Diary of a young-going-on-middle-aged, recently single guy looking for love – could be a little tedious to read. Diary of a young-going-on-middle-aged, recently single guy looking for love and traveling all across the country …that’s something more memorable. And so we have my most recently-read book, Leave Only Footprints, by Conor Knighton.
Knighton managed to blend two parts of latter-day Steinbeck’s Travels with Charley and one part male Bridget Jones Diary with quite compelling results. A TV news correspondent called upon sporadically by his network, he found himself dumped by his fiancee. Heartbroken, bored and tired of seeing all the places they used to go to in Phoenix, he decided to take a year off and travel. His plan – visit everyone of the national parks in the country. There are over 50, from Atlantic to Pacific, Maine to California, plus ones above the Arctic Circle in Alaska, and out in the lonely ocean in Samoa and the Virgin Islands. Cleverly, he sold his network on the idea of having him do it as a regular segment for their morning or news shows, so as to get a bit of an expense account to cover the thousands of miles by road, air and sea.
He begins the year wanting to see the first sunrise of the year before anyone else, so he visits Acadia National Park, just off the Maine coast on a frigid New Year’s morning. 364 days later he finishes up watching the sun set into the Pacific at the Point Reyes National Seashore (technically not a national park) in California. Along the way he developed a profound and newfound love of his country and its nature, as well as the people who’ve worked to preserve it. He describes all the parks he went to, and adds a little history, but the book moves along swiftly, as he had to himself, not lingering too long on any one site or sight, and introducing us to a range of interesting personnel at the parks. In an unusual but effective writing twist, he avoids making it a chronological recounting of the year, and lumps parks together by “theme.” Crater Lake and Congaree were “mysteries” as I mentioned in the previous blog. Big Bend, on the Tex-mex boundary, and American Samoa, in the middle of the ocean were “borders.” Joshua Tree and Sequoia were among the ones he labeled “trees” for obvious reason. He comes to some great insights, like how many of the people who worked hardest to set up and protect the scenic national parks came from Kansas and other similarly geographically unremarkable places. “If Dorothy had grown up in New York City rather than on the Prairie, Oz may not have looked as spectacular,” he points out. The non-linear approach worked well, keeping us a little off-balance and wondering what would be his next category.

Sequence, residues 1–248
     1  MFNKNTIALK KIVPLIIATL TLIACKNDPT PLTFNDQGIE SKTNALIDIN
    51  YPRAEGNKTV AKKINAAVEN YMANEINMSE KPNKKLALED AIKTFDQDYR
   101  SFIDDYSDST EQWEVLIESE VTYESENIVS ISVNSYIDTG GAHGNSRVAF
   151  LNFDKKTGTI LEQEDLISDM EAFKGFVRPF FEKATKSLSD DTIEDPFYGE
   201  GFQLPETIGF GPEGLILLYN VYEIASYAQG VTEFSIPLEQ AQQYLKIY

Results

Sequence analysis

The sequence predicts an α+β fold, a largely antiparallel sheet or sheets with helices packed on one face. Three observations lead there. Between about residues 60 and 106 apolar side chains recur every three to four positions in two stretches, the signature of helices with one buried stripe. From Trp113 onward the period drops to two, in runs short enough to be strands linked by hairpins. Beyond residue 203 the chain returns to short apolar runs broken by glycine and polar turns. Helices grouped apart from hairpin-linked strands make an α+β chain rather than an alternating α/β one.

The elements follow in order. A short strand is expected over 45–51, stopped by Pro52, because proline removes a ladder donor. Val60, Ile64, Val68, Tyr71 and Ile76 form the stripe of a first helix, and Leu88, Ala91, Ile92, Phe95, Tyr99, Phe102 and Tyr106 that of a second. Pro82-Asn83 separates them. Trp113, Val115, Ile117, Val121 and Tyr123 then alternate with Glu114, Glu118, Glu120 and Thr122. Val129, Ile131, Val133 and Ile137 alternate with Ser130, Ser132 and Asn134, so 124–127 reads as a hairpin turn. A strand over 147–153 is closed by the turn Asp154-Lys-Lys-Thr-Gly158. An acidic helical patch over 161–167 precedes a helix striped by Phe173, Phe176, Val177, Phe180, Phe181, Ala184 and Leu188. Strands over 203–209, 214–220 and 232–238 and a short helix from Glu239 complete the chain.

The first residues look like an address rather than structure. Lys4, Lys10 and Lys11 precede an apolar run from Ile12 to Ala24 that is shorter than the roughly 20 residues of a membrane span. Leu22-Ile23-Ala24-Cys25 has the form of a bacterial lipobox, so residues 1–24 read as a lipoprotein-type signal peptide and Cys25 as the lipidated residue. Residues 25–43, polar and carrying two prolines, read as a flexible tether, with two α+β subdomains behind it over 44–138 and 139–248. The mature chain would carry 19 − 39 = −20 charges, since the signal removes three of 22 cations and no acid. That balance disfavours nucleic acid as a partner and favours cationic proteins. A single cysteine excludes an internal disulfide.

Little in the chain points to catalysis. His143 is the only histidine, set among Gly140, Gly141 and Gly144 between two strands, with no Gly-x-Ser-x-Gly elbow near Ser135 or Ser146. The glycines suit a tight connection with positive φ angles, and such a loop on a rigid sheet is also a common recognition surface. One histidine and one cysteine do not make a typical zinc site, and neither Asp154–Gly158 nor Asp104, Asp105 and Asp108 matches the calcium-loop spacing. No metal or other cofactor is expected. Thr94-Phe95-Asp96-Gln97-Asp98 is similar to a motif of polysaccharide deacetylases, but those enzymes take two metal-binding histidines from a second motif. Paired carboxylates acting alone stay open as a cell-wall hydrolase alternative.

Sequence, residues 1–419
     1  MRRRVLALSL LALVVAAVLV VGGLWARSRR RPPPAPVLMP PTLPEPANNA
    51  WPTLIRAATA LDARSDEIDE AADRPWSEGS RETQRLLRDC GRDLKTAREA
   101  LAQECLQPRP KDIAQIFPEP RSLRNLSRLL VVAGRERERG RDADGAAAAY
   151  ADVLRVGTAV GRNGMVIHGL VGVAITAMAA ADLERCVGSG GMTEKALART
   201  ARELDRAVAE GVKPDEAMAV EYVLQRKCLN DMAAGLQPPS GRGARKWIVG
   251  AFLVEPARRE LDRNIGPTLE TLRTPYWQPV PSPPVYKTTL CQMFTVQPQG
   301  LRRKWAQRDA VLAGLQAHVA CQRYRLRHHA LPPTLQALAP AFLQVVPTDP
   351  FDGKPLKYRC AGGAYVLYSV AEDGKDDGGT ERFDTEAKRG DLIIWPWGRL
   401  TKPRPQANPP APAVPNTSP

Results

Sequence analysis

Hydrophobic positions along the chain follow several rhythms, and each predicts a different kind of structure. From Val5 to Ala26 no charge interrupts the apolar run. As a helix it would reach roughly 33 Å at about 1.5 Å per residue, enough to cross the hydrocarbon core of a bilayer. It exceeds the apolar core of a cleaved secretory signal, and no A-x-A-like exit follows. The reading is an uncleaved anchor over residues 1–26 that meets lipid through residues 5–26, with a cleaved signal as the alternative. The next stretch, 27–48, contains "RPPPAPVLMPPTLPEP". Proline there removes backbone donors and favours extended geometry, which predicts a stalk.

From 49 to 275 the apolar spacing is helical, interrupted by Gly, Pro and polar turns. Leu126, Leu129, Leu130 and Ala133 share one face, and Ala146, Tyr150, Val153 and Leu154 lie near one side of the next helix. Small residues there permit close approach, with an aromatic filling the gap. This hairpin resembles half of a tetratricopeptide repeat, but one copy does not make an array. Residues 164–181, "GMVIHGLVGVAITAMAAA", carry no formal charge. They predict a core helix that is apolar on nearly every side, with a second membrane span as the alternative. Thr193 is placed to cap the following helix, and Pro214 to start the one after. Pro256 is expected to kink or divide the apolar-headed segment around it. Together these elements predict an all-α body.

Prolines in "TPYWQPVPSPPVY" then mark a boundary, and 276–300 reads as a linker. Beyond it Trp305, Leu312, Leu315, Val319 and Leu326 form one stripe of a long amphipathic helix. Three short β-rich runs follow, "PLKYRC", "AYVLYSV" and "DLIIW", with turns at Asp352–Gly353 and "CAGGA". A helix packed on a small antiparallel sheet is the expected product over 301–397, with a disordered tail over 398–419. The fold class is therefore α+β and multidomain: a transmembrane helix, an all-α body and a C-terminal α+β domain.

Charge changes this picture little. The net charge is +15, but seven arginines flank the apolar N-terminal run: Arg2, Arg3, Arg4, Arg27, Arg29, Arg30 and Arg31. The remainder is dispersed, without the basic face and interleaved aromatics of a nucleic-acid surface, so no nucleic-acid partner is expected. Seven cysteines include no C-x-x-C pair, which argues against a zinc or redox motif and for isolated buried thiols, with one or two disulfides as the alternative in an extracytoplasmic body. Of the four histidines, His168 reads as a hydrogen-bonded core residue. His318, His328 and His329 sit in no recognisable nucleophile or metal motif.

As for love, we never really know if he found it. He used the modern apps to find dates in many cities and described one promising relationship cooked up in the fogs of Washington’s Cascades, but it never seemed to entirely take off. Then there was the nice gal who helped him when his car skidded off the road in Wyoming; he sought her out only to find she was engaged. He does a lot of self-evaluation and personal growing through the year and his recollection of his failed engagement that led to the journey. In one or two places, this side-story became a little distracting and slowing, but all in all, it helped us see him as a human on the road to somewhere… just not somewhere he had mapped out quite yet.
All in all, an interesting and at times endearing look at the United States. I give it 3.5 Smokeys out of 5.